Listening can also be in written form, and employee surveys have been widely used by countless employers over many, many decades. Heinritz discusses his company's survey success. "The addition of an employee survey last year proved to be one of the most powerful and impactful tools we have implemented in years.” Well-crafted surveys can evaluate processes, leadership protocol and team effectiveness. Surveys can be voluntary and better present themselves as an employee benefit where voluntary. However, those reluctant to volunteer can be just as or more important to contribute. Heinritz tells us the MWF survey was voluntary and offered protected anonymity, along with an option for further discussion with management. When crafting a survey, be certain to add only those questions employees are qualified to answer and management is willing to address. We caution against questions calling forth evaluation of practices outside respondents' knowledge base. However, well-crafted questions that anticipate response can assess impact upon employee engagement, and well-crafted questions manage expectations of potential outcomes. Similar to 360 reviews, language and anonymity must be carefully considered.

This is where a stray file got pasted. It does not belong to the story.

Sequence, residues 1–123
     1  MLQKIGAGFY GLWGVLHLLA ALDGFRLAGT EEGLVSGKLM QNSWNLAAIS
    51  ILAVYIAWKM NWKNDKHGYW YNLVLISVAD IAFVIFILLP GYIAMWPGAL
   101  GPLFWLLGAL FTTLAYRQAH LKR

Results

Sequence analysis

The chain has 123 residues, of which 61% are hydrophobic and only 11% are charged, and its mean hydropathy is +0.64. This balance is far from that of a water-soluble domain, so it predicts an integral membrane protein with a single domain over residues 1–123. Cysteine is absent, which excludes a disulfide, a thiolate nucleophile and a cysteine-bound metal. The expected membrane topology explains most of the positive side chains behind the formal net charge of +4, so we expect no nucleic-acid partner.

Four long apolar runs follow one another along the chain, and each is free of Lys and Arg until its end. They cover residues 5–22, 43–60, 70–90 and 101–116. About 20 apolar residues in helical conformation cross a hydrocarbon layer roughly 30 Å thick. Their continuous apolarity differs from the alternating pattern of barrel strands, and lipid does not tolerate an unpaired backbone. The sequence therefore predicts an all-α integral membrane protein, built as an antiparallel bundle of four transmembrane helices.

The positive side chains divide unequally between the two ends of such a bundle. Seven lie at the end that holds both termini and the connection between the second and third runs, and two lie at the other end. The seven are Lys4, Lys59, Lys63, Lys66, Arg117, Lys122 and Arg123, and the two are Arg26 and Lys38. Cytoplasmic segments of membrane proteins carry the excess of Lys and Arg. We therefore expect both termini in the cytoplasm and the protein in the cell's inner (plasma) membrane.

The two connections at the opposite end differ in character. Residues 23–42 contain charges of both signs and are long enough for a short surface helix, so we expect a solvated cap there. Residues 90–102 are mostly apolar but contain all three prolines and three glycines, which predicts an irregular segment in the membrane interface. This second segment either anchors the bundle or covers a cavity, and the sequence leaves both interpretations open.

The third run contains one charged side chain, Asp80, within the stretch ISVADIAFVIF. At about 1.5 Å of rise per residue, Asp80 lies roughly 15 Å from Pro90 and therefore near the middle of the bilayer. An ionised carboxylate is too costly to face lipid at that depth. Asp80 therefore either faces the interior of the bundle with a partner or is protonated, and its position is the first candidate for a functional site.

Build your Brand into your Employees’ DNA.
Taking the idea of employees as brand missionaries further, Hackbarth added that “the best companies bake their external brand into their core employee values,” He cited Harley-Davidson as an example of a company that does this well. “Most people intuitively get the Harley brand. What they likely don’t know is that the brand has its roots within five core company values: tell the truth, be fair, keep your promises, respect the individual, and encourage intellectual curiosity. These operating values are ingrained internally, they emanate outward from employees, they interweave into marketing efforts, and the world then sees them as the encouragement of freedom and straightforward American values, values we’ve come to associate with Hogs and denim.”